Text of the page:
Looking back… and looking ahead

With the end of one year comes the beginning of another — 2014 was full of excitement as well as some difficulties; I got my driver’s licence, had the best summer job, and my trip to Washingto, DC, where I finally met Ray Brown and the crew of the Takin’ Birds radio show. There were also some sad moments: my grandfather moved into the nursing home after a stroke and my dad was diagnosed with cancer (though his surgery was successful and is feeling great now).

My lists:

I saw a total of 170 species in Alberta this year — it’s a good list of species, my best so far.

I added three species to my Year List while in Washington, DC: Northern Mockingbird, Northern Cardinal, and a Sharp-shinned Hawk.

I was able to add five species to my Life List bring it up to 272 species I’ve seen since I started birding in 2012. The new species for 2014 were Black-backed Woodpecker, Blue-headed Vireo, Western Kingbird, Le Conte’s Sparrow, and American Bittern.

My resolutions:

1. To blog more. A blog needs fresh posts regularly.

2. Make more of an effort to submit eBird checklists every time I go birding.

3. Read through my collection of bird books. I have lots of books I still haven’t read yet.

4. My target species for 2015: Boreal Chickadee, Fox Sparrow, and Buff-breasted Sandpiper.

Here are some of my favourite photographs from 2014. Happy New Year everyone and may you have a happy and healthy 2015!

A Northern Mockingbird from my trip to Washington, DC, in November,


A squirrel,


A Dark-eyed Junco,


A male Ruffed Grouse,


A male Mountain Bluebird,IMG_4333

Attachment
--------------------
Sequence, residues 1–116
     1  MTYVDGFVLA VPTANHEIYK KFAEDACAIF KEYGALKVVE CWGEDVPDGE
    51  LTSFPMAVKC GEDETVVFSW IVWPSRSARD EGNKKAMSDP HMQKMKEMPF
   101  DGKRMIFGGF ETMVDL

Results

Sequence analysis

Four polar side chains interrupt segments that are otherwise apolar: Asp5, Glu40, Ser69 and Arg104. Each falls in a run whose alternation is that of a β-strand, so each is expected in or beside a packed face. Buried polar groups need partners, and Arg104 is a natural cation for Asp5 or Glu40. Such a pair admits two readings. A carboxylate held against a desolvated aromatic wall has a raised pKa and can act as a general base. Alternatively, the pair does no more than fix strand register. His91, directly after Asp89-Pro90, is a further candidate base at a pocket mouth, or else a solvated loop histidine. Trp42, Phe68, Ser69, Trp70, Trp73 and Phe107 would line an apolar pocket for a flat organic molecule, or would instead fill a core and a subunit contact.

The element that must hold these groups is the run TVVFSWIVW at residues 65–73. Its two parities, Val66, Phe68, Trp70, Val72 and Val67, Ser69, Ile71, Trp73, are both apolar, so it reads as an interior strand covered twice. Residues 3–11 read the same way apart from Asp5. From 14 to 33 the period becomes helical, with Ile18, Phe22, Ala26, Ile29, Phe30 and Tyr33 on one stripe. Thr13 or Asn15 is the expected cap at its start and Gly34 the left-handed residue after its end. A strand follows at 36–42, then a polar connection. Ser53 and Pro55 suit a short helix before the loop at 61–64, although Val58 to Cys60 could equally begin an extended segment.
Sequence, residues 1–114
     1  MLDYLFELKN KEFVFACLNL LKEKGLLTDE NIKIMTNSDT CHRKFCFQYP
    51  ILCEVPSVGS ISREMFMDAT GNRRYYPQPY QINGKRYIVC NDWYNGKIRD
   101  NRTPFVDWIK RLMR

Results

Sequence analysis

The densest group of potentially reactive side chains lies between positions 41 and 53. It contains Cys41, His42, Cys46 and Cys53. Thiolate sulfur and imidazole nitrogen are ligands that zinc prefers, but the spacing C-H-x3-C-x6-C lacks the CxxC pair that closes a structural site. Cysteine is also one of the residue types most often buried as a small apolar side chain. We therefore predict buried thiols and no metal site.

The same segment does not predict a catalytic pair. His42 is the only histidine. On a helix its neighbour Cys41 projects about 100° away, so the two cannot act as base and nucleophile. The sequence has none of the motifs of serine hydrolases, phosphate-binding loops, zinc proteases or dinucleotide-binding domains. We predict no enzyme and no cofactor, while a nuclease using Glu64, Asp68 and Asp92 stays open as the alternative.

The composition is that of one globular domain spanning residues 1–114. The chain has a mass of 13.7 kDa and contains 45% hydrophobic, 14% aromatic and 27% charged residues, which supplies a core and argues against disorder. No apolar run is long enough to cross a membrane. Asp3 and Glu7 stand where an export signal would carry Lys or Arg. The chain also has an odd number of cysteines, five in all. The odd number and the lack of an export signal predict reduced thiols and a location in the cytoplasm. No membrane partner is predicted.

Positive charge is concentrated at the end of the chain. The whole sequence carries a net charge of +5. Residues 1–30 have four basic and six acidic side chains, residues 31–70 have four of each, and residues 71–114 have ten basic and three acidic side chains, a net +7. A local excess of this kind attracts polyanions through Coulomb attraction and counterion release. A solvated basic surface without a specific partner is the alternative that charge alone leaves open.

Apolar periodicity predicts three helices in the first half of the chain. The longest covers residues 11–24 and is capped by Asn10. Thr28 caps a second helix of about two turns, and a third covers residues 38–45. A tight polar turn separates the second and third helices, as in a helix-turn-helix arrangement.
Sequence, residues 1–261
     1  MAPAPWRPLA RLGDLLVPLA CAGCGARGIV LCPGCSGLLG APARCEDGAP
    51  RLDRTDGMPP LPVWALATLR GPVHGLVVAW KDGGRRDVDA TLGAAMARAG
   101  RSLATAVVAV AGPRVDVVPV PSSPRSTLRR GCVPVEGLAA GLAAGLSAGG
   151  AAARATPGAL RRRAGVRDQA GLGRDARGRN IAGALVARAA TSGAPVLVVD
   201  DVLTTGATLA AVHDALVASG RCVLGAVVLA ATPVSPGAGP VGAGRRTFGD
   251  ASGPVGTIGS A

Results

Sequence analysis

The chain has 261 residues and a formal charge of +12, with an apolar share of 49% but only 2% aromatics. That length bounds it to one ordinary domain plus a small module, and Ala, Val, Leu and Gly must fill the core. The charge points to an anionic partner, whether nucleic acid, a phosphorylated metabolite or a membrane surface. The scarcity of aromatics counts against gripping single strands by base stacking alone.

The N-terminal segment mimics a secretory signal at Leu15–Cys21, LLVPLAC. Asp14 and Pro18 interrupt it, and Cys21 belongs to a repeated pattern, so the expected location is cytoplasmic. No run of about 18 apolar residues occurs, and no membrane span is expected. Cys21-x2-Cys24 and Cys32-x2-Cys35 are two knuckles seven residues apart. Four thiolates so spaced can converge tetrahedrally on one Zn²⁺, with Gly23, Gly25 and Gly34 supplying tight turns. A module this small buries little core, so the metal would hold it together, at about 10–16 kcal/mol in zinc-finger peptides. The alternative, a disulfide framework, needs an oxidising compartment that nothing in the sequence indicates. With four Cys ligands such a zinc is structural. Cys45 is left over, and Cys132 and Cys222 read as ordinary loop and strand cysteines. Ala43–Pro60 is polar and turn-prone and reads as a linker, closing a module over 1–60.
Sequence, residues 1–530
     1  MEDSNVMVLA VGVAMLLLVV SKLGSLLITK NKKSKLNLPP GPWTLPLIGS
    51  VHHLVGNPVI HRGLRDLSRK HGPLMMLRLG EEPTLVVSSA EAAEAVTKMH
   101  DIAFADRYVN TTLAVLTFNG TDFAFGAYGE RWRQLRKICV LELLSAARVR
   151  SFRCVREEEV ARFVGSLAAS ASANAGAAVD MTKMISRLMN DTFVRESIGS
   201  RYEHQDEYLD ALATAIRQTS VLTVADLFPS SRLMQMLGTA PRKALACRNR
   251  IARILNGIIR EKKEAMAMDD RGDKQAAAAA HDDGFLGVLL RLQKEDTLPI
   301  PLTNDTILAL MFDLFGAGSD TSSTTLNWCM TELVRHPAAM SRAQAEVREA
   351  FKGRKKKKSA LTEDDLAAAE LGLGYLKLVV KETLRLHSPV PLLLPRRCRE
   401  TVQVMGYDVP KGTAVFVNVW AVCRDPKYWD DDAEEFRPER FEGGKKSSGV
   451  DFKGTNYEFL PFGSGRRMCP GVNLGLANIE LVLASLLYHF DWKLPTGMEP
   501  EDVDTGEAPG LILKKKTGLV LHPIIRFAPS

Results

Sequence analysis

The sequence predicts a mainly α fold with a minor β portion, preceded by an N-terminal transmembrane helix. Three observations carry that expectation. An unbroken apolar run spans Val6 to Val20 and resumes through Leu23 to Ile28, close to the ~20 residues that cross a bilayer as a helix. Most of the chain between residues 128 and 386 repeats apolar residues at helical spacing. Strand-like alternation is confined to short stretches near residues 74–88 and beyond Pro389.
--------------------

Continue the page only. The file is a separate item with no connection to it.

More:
Birding News #94

:: The Calgary Zoo says that it will continue with its captive breeding program for the endangered Greater Sage Grouse, despite a difficult start which has seen only two of 13 hatchlings survive to the age of seven months.

:: GrrlScientist writing for The Guardian has her first-ever list of best bird books of the year; and her list of best nature books of 2014 is here.

:: Scientists figure out just when birds lost their teeth

:: PacifiCorp Energy pleaded guilty in federal court in Wyoming to two counts of violating the federal Migratory Bird Treaty Act, after the discovery of more than 370 dead protected birds at two of the company’s wind farms, under a plea deal with prosecutors, and will pay US $2.5 million in fines.

:: The journal Science has published a series of papers on the evolutionary origin of birds, the genes and brain mechanisms that drive their behaviour, their relationships to each other. The papers are the result of an unprecedented consortium focused on the sequencing and analyses of at least one genome per avian order; the analyses have resulted in eight papers published in Science, as well as 20 papers in other journals, with the flagship study announcing that 48 birds — at least one from every major bird lineage — now have had their entire genetic code uncovered.

:: A recent study suggests a never-before documented ability in Golden-winged Warblers, to sense severe storms in advance of their arrival

Great posts in birding blogs this week:

:: From Bob at Birds CalgarySnowy Owls of the Calgary Area

:: From Maureen at Hipster Birders2014 Year in Review

:: From Clare at 10,000 Birds: Gifts to Impress a Female Friend

:: From Julie at Birding Is FunSeafood Feast at Low Tide

:: From Josiah at Birds in Your BackyardMy Field Guides Update

:: From Rob at City BirderChristmas Bird Count at Floyd Bennett Field

Listening to Ray Brown’s Talkin’ Birds Radio Show Tomorrow

Just a reminder that tomorrow morning at 9:30 eastern is the special radio broadcast celebrating the 500th show of Ray Brown’s Talkin’ Birds [this link isn’t working for me at the moment], live from the Smithsonian National Museum of Natural History.  You can listen tomorrow online with live streaming or via podcast. You can also follow the show on Facebook and Twitter. One of tomorrow’s guests is  Smithsonian ornithologist Bruce Beehler. I’ll be on the show too, and I’m sure Ray and crew will have some other surprises!